Many retail models and entertainment services in large cities have not been successful when trying to develop a night economy.
6 am. Phuong, a second-year university student finishes her working shift at Circle K on Cau Go street in Hoan Kiem district in Hanoi. After taking stock of goods, she hands over the watch. Just tens of meters away, her colleagues in other two Circle K shops are doing the same thing.
Cau Go, one of the busiest streets of the old quarter, is full of convenience stores and groceries. However, Circle K is the only retailer which opens 24/24.
The presence of Circle K gives youth an address to go to when seeking a place that sells food at night when authorities restrict business activities after midnight.
Retail is one of the sectors to benefit from a night-time economy. However, analysts say that not all models will succeed.
Circle K came to Vietnam in 2008, but only since 2013 has it begun operating under the 24/7 model. In 2015 it began developing the model in Hanoi.
|Many retail models and entertainment services in large cities have not been successful when trying to develop a night economy.|
Having expanded the network, but after 14 years of operation, in early 2019, Shop&Go, the 24h convenience store, had to sell to VinCommerce, a subsidiary of Vingroup and stop operating at night. The retailer had made heavy investment, but the business result was not as good as expected.
Vu Thi Hau, deputy chair of the Vietnam Retail Association, said not all retailers open the door after 10 pm. Travelers and people tend to go to entertainment venues at night, not to supermarkets and convenience stores. The sales at night are small which cannot cover expenses.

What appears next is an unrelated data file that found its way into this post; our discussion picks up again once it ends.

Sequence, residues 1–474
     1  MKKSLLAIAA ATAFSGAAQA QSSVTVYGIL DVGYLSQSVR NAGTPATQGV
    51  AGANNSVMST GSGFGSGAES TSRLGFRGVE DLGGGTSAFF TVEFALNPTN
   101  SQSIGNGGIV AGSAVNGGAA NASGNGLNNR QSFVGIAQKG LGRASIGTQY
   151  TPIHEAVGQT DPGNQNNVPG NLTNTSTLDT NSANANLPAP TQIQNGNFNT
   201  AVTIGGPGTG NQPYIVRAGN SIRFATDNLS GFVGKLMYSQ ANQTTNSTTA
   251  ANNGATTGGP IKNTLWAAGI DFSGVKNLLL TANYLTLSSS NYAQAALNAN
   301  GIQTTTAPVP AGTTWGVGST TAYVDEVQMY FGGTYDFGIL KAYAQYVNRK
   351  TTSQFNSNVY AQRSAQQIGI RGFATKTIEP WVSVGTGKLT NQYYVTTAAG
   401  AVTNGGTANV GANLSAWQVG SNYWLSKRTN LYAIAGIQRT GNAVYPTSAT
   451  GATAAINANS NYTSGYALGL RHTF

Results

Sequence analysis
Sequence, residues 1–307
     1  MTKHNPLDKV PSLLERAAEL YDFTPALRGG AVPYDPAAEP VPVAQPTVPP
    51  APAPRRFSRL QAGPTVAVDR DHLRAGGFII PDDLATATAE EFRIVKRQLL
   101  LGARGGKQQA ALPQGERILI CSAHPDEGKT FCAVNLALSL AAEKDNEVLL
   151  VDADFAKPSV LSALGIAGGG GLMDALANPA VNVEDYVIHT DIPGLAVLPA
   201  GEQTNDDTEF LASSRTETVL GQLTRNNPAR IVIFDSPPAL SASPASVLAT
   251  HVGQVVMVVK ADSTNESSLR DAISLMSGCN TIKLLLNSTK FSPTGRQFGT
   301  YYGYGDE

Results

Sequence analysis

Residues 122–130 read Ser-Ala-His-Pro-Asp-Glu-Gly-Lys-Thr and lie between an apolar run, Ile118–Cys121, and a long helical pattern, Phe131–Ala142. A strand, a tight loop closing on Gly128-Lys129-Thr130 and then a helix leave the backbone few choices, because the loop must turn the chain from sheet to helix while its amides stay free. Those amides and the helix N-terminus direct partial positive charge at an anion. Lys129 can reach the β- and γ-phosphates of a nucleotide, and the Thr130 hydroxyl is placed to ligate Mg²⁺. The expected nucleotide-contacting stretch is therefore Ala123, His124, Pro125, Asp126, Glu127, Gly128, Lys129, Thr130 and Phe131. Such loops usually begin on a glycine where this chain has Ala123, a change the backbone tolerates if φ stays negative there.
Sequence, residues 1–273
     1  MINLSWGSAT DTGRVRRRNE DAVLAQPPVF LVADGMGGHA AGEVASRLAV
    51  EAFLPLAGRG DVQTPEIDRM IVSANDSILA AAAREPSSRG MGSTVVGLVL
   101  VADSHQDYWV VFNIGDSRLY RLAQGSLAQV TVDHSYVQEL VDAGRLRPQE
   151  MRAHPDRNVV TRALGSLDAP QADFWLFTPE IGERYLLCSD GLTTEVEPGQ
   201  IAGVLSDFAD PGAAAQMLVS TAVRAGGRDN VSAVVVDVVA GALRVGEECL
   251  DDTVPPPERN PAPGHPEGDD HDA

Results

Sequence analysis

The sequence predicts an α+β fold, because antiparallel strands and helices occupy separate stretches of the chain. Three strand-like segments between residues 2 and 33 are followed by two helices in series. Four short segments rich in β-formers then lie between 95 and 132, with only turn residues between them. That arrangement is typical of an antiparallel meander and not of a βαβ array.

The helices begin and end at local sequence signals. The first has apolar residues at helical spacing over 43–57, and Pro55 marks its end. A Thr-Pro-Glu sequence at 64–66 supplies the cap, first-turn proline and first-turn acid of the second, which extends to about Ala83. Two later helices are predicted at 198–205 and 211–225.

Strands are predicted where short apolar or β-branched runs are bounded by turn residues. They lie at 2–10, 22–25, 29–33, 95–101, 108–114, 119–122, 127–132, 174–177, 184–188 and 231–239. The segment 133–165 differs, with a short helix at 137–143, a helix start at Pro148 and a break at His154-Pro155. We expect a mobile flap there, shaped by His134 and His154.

“The wages retailers have to pay to workers at night are 30-40 percent higher than usual. Besides, they have to pay additional money for electricity and water,” Hau explained.
Multi-billion dollar projects
Not only retailers, real estate developers also hope to make money from their ‘sleepless cities’. However, many of them have been ‘bogged down’ in their ‘night-economy dream’.
Five years ago, Empire Group began developing a super entertainment project in Ngu Hanh Son in Da Nang City with the estimated investment capital of $5 billion.
In 2017, the project became operational with thousands of apartments, walking street and entertainment items such as outdoor stage, theater, water music, bars and pubs.
One year ago, the group spent millions of dollars to invite tens of foreign artists to Vietnam to a music night, hoping to attract 30,000 viewers. However, the number of people to the show was just 1/3 of the number. Bars and pubs had to close at 10-11 pm.
The UK's night-time economy is now said to be the UK's fifth-biggest industry with annual revenues of £66bn.
In July 2019, ministries and people’s committees of central cities and provinces received a request to study Chinese policy on night-time economy development.